With a script and score overly devoted to second-banana clowning and sideshow spectacle, Carnival doesn't have the balance needed to successfully walk the delicate tightrope connecting a young girl's innocence and her romantic awakening. Perhaps this explains the infrequent productions given a work by Broadway scribes with glowing track records. Stewart and original Carnival director/choreographer Gower Champion scored a huge hit in 1960 with Bye Bye Birdie, and they would team up again in 1964 for Hello, Dolly! For his part, Merrill, their collaborator on Carnival, was known for fashioning bankable musicals from existing material (this marked the first time a stage musical was adapted from a film musical).
Although lyrical is not a word usually associated with Eugene O'Neill, composer and librettist Merrill turned the playwright's Anna Christie into 1957's New Girl in Town and his Ah, Wilderness into 1959's Take Me Along. As lyricist, Merrill also helped transform Fanny Brice's life into Funny Girl (1964), and he massaged the movie Some Like It Hot into the stage's Sugar (1972). Yet despite its rave reviews and hit status on Broadway, Carnival has failed to become a staple in regional theater. Now it joins another long-ignored musical, High Button Shoes (beginning August 27), in Royal Palm's summer season. This marks the third consecutive year the company has presented neglected gems, following 1995's revival of Little Me and last summer's Take Me Along.
McArt shows a lot of guts in casting these four works locally and fitting them onto the Royal Palm's postage stamp-size stage, given that each was originally written as a star vehicle for a specific artist: Take Me Along featured Jackie Gleason; Neil Simon tailored the multicharacter leading man's role in Little Me for Sid Caesar; to beef up his first starring role, Phil Silvers revised the book to High Button Shoes with the musical's director George Abbott; and Carnival, although it picked up a Tony Award for Anna Maria Alberghetti's performance as Lili, was really built around Gower Champion's magical staging.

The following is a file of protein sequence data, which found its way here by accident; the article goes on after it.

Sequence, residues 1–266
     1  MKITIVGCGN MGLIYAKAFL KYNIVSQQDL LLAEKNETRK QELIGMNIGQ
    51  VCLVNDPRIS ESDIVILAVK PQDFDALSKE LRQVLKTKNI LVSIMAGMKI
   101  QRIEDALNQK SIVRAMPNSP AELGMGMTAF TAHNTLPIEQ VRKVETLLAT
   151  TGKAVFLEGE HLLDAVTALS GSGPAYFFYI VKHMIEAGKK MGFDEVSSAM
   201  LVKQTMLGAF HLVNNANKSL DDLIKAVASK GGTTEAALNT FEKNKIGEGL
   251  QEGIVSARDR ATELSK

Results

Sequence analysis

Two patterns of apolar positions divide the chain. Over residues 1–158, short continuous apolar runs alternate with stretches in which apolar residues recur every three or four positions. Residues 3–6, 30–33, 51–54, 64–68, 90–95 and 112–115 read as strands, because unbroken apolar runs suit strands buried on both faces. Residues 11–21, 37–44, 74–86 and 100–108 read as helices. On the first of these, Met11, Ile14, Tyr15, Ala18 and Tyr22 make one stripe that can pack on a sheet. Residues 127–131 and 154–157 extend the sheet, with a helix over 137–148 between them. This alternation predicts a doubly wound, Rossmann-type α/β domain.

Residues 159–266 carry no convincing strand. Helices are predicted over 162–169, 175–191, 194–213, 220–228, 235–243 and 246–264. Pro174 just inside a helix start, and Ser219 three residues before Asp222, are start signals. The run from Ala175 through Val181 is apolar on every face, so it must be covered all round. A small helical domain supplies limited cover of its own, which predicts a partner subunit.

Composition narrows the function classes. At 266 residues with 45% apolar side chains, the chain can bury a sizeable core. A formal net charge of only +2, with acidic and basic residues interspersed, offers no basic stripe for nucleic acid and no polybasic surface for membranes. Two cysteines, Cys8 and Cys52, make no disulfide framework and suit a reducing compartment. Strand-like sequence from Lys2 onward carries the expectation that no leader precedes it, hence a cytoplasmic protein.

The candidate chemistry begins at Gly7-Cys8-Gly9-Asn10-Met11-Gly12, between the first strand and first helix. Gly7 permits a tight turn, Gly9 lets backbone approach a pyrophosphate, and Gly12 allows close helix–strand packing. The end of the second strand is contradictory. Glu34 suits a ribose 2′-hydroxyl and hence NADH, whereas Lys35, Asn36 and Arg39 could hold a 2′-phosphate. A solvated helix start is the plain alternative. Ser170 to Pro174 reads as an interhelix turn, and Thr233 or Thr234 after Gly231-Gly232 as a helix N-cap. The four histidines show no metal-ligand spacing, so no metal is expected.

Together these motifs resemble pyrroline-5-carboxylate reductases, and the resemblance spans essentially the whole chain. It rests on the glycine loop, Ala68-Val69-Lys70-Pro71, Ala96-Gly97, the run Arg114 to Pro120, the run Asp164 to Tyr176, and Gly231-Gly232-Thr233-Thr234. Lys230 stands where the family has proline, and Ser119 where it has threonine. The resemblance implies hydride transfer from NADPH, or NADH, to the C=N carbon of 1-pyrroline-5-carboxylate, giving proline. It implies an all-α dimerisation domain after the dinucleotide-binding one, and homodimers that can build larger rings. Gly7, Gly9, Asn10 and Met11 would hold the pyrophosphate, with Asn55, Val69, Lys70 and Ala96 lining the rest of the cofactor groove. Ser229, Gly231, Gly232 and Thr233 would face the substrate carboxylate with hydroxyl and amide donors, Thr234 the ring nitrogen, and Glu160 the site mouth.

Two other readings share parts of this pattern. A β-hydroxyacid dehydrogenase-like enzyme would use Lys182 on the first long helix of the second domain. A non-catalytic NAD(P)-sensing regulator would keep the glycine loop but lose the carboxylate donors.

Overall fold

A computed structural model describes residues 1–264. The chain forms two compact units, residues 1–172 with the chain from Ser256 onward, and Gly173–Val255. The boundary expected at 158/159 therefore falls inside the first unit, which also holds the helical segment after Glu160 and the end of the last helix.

For the current production, director Bob Bogdanoff mimics Champion's 1961 innovation of having the cast enter through the aisles. Then he goes one further by having his actors play out scenes between the dinner tables, inventively making the most of limited theater space. Similarly, in a nod to one-ring tent-show staging, choreographer Jeff Murphy cleverly creates tight circular dances for the 21-member company. Regrettably, Bogdanoff is less imaginative in overcoming the musical's dramaturgical deficiencies, and the one-note performances he elicits from the cast result in a disappointing revival. Like their masked sixteenth-century commedia dell'arte predecessors, Bogdanoff's traveling players act as though they too have permanently affixed expressions and characterizations: Garon's leer is never supplanted by cunning sneers or remorseful frowns; Letourneau's body language and delivery are as stiff as Paul's bad leg; and Haroutounian's unflinching smile of youthful innocence made my cheeks ache.
Then again, Bogdanoff doesn't have Champion's resources. The Royal Palm's set design is reduced to props that can be carried; costumes are rented rather than designed, and the music comes from a tape rather than live musicians. He does, however, get solid support from lighting designer Ginny Adams, who not only illuminates the aisle scenes but also manages to set the mood, and from the fanciful set dressings and evocative rope trapeze ladders of scenic designer Michael Miles.
But like I said, I think all carnivals present risks, and this one hasn't pulled into town in more than two decades. Whether it's a stuffed toy dangling from a stick or a forgotten musical, I'll always take a chance on a novelty.
Music and lyrics by Bob Merrill; book by Michael Stewart; directed by Bob Bogdanoff; with Jennifer Haroutounian, Yves Letourneau, Leigh Bennett, William Garon, Kevin Bogan, and Louis Cutolo. Through August 24. For more information call 800-841-6765 or see "Calendar Listings.